Vancouver Island’s other successful cidery was established overlooking the ocean but on the more sheltered Saanich Peninsular, which is a few kilometres east of Cobble Hill. Kristen and Bruce Jordan established Sea Cider Farm and Ciderhouse in 2007, surrounded by natural gardens, organic orchards with some 60 varieties of apples, and grazing sheep, against a backdrop of pastoral and ocean views.

Sea Cider offers a variety of styles to accommodate a broad range of tastes. The tasting room offers a flexibility of pours, served along side well conceived artisan platters of local meats, specialty breads and cheeses, and homemade dips.

The cidery’s arrival coincided with the rise in interest in food and wine pairing, so it made sense to offer a parallel tasting experience, to suit every taste.

Drier styles that seem to pair well include Kings & Spies, with crisp, savoury apple notes quite reminiscent of English cider, as well as the appealingly tart, certified organic, bitter-sweet wild yeast fermented Wild English, and dry, slightly spicy and quite complexity of the German-inspired, organic, Flagship. Also organic, Pippins sports a crisp, clean personality that pairs well with foods such as smoked salmon, while blackberry infused Bramble Bubbly is an off-dry, rosé-like sparkler that pairs with lightly spiced Asian dishes.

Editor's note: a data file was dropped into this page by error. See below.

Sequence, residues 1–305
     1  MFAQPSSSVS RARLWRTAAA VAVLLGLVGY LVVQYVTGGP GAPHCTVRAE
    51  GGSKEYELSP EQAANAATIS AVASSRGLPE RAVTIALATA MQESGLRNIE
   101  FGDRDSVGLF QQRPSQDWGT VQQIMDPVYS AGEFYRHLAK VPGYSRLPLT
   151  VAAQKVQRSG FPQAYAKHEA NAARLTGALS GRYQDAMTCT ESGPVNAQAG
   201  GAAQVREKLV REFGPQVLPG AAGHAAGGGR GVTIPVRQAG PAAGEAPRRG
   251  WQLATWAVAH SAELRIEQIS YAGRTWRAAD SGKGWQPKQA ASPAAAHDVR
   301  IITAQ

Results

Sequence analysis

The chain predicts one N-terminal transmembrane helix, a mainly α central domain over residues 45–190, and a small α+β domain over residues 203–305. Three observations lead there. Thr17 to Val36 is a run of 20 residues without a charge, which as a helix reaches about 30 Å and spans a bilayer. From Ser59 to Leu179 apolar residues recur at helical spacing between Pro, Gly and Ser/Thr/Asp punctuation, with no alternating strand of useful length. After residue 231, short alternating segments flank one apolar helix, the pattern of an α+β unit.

With no shortage of creativity at play, Sea Cider’s ever-popular Rum Runner (aged in rum soaked oak barrels) might have you reaching for a Cuban cigar. Quite tawny port-like, sweet Pommeau cries out for a good blue cheese such as Stilton or Bleu de Gex, while mead-like Cyser, made with fermented organic honey, yields a more complex, sweet and almost smoky toned drop.

 

 

The craft cider revolution has taken a little longer to reach the interior of BC, but signs are everywhere that interest in cider is widespread. Followed the arrival of free trade and the subsequent blossoming of the wine industry, Okanagan apple orchards started to disappear at a rapid rate. However, in some areas, thanks to cider, they’re seeing a small resurgence.

The Similkameen Valley boasts one of the highest rate of organic certified farms in the country, which likely accounts for the flourishing of its fruit orchards alongside the burgeoning vineyards. The Similkameen hasn’t experienced the widespread removal of apple orchards in the same way as the Okanagan.